Tuesday, April 17, 2007

How many delegates will your state send?

For many states, sending a full contingent to the Annual National Meeting is cost-prohibitive. Personally, I'd like us to find a city with a helpful Convention Bureau, low air fares, union hotels and a decent environment and hold all our national meetings there. Loads of groups do this. My only caveat would be, not in Nevada please. We compulsive gamblers can't even think of going there. Hell, and city with big time gambling would be bad for me.

Anyway, the GNC passed Proposal 158, which authorizes states to use proxys. Here, thanks to Marc Sanson of IL, is the language:
The following language was inserted into Article II, section 2 of the bylaws:“A delegate to the National Committee may cast an additional vote at a National Conference in place of an absent delegate, as long as the total number of votes cast for that state does not exceed its total allowed votes on the National Committee, or twice the number of voting delegates in attendance."

Now, here's the thing. There is discussion of charging states to use these proxy votes as an effort to fund the party's diversity goals. That is, if SC has three delegates, we can send one person and get two votes, but must pay for the second vote, send two delegates, with one having an extra vote, and having to pay for the extra vote and get three votes, or send three, pay more in convention fees and still get only three votes.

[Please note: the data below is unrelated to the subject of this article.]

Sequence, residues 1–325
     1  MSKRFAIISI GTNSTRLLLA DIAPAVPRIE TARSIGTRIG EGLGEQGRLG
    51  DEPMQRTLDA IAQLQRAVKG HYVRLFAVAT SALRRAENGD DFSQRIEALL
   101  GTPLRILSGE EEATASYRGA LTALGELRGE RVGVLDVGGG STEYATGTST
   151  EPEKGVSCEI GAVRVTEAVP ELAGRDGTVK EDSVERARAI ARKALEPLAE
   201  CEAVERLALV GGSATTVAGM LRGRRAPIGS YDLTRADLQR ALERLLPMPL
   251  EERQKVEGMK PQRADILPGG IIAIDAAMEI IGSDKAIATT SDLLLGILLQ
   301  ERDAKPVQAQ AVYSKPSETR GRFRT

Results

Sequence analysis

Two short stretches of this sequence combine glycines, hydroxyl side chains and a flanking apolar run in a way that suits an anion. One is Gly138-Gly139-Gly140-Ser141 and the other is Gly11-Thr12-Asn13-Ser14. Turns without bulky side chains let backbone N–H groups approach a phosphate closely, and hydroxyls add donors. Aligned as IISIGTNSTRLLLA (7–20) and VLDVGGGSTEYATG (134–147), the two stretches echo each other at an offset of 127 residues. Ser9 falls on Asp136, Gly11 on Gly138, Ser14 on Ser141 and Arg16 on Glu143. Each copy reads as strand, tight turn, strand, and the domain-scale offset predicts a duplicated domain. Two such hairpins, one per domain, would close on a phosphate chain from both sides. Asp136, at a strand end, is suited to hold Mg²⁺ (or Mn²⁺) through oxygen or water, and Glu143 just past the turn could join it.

But if a state sends proxys, and pays for them, that leaves cash to send to states with delegates who can't self-finance. This I think is a great idea. I also think it's a great idea to exempt those few states, like FL, who have returned money to the national party recently to help in the cash crunch.

Of course, votes is certainly not the only thing a state gets by attending the national meeting. Opportunities to meet and network with folks from other states may well be more important to your state than a position taken on a resolution of one sort or another. I know, for example, if South Carolina sent three well organized people splitting responsibilities for meeting every state co-chair, swapping cards and giving them a list of things we need to know, like how to raise funds or recruit party membership, we would have a better shot at a good outcome over the next year than if we send three who go, listen, debate, make points and "win" on this or that platform issue.

It's about what is important, and frankly, no one really gives a damn what the USGP thinks should be done about abortion in Mexico, crime in Beijing or the crisis in Sudan. That doesn't mean we don't have proper responses to those issues, but that we must focus on what we can do.

And that is typically local with global impacts. It's a long drive. It's a hard road. But all the other roads seem to be leading to planetary destruction.
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